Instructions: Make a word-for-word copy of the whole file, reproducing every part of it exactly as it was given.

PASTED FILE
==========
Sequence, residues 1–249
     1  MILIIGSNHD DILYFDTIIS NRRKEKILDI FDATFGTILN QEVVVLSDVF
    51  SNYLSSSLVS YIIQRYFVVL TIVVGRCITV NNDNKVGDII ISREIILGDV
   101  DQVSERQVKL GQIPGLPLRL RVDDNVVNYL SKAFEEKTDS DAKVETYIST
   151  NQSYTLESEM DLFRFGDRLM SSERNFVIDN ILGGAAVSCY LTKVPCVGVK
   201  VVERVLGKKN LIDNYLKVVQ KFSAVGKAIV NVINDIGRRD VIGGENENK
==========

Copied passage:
Sequence, residues 1–249
     1  MILIIGSNHD DILYFDTIIS NRRKEKILDI FDATFGTILN QEVVVLSDVF
    51  SNYLSSSLVS YIIQRYFVVL TIVVGRCITV NNDNKVGDII ISREIILGDV
   101  DQVSERQVKL GQIPGLPLRL RVDDNVVNYL SKAFEEKTDS DAKVETYIST
   151  NQSYTLESEM DLFRFGDRLM SSERNFVIDN ILGGAAVSCY LTKVPCVGVK
   201  VVERVLGKKN LIDNYLKVVQ KFSAVGKAIV NVINDIGRRD VIGGENENK